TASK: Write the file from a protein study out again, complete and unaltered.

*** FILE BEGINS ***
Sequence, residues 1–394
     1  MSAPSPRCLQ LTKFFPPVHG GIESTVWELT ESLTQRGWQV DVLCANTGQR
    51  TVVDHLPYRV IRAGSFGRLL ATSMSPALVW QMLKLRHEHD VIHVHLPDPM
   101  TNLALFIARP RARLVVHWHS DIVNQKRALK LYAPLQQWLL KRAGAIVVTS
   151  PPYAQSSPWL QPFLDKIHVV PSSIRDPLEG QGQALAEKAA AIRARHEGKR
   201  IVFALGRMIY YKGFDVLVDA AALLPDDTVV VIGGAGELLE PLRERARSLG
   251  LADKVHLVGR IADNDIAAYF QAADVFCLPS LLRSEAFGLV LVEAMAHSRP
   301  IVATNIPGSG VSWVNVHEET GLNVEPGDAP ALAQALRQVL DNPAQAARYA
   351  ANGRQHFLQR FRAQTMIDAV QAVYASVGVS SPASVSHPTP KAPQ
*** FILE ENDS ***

Sequence, residues 1–394
     1  MSAPSPRCLQ LTKFFPPVHG GIESTVWELT ESLTQRGWQV DVLCANTGQR
    51  TVVDHLPYRV IRAGSFGRLL ATSMSPALVW QMLKLRHEHD VIHVHLPDPM
   101  TNLALFIARP RARLVVHWHS DIVNQKRALK LYAPLQQWLL KRAGAIVVTS
   151  PPYAQSSPWL QPFLDKIHVV PSSIRDPLEG QGQALAEKAA AIRARHEGKR
   201  IVFALGRMIY YKGFDVLVDA AALLPDDTVV VIGGAGELLE PLRERARSLG
   251  LADKVHLVGR IADNDIAAYF QAADVFCLPS LLRSEAFGLV LVEAMAHSRP
   301  IVATNIPGSG VSWVNVHEET GLNVEPGDAP ALAQALRQVL DNPAQAARYA
   351  ANGRQHFLQR FRAQTMIDAV QAVYASVGVS SPASVSHPTP KAPQ